• Post Reply
  • Bookmark Topic Watch Topic
  • New Topic

Error in method signature

 
Roger Fed
Ranch Hand
Posts: 82
Java Oracle
  • Mark post as helpful
  • send pies
  • Quote
  • Report post to moderator
hello,
I just beginning learn object oriented programming and I've developed this class and works well, but the last method flag this suggestion "Add@Override Annotation"
can anyone tell me why???
further, I'd be grateful if you give me any advices about this class
Thanks in advance
 
Ernie Mcracken
Ranch Hand
Posts: 33
Mac Netbeans IDE
  • Likes 1
  • Mark post as helpful
  • send pies
  • Quote
  • Report post to moderator
Hi there,

I'm just learning java too.. as far as I know this is because your method has the signature toString which means you are overriding the toString method of the object class which is the implicit superclass of all other classes. So this is just a suggestion for you to add the annontation to you code to say your are overriding a method of the superclass.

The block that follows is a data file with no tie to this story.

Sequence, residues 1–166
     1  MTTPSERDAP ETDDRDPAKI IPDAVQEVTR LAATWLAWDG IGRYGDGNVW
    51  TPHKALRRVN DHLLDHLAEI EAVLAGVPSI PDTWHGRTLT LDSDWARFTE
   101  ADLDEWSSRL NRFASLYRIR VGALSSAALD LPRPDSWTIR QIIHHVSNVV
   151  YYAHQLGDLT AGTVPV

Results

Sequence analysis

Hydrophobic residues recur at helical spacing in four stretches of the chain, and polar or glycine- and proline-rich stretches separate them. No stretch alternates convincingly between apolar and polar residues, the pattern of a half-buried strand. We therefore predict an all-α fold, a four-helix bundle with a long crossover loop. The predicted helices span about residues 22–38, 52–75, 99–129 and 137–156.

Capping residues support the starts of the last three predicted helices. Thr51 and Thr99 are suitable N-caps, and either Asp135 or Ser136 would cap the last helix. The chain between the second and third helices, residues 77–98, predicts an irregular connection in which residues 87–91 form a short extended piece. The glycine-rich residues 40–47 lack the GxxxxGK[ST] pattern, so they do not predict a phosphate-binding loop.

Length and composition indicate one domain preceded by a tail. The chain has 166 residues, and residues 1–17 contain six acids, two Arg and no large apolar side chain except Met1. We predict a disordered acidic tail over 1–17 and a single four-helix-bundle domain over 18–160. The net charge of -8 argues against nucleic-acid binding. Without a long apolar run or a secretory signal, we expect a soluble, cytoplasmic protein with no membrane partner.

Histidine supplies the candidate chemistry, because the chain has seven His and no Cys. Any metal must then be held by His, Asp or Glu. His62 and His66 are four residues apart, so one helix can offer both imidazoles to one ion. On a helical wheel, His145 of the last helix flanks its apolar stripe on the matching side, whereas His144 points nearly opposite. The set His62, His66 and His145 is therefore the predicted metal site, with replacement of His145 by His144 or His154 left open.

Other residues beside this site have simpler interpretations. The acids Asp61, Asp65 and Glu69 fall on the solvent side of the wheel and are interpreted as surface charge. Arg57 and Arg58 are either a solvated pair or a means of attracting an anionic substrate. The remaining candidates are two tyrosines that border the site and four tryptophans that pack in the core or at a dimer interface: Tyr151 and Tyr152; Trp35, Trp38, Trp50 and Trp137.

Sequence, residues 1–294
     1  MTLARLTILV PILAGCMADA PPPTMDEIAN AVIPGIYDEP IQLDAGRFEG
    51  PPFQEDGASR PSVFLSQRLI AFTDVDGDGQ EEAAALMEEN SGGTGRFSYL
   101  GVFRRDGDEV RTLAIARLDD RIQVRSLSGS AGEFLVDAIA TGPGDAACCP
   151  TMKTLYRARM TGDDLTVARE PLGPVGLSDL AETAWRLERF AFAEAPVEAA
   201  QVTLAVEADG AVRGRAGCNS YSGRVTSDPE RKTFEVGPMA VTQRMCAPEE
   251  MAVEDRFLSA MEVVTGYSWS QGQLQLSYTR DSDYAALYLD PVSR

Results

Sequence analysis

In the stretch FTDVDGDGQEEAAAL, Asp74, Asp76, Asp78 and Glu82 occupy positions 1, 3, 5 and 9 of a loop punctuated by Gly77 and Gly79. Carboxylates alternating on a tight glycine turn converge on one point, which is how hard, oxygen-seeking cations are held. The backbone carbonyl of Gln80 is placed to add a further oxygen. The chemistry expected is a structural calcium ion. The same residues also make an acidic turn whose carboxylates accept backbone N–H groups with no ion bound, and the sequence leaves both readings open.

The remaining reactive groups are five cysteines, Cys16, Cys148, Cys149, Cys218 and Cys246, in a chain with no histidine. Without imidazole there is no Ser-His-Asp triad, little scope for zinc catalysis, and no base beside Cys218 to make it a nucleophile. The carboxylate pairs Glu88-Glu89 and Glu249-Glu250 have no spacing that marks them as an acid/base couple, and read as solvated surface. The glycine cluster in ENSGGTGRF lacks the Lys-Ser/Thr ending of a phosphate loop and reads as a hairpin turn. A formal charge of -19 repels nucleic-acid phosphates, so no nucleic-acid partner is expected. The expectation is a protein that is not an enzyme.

Hope this helps...
 
Rob Spoor
Sheriff
Pie
Posts: 20514
54
Chrome Eclipse IDE Java Windows
  • Mark post as helpful
  • send pies
  • Quote
  • Report post to moderator
Annotations. This one isn't required, but it's a good practice to always use the @Override annotation. That prevents you from making typos:
Since the method name is hashCode, with capital C, this is not overriding so there will be a compiler error.
 
Wouter Oet
Saloon Keeper
Posts: 2700
IntelliJ IDE Opera
  • Likes 1
  • Mark post as helpful
  • send pies
  • Quote
  • Report post to moderator
A general remark about your code:

The fan speed is set by an integer and you have defined 3 constants for the speed settings. However it's perfectly legal to call it with: fan.setSpeed(5000); (if 3 is fast then how fast would 5000 be ). A better way would be to define an enum.
 
Campbell Ritchie
Sheriff
Posts: 48652
56
  • Mark post as helpful
  • send pies
  • Quote
  • Report post to moderator
And it might be a good idea to make the final fields public. Then other classes can invoke them to set the fan's speed.

As an atlernative, you can set bounds and refuse to alter the speed if it is outwith the permitted speed range (in your case 0-3 inclusive, using 0 as "stop"). Wouter's suggestion of an nenum is far better, however.
 
  • Post Reply
  • Bookmark Topic Watch Topic
  • New Topic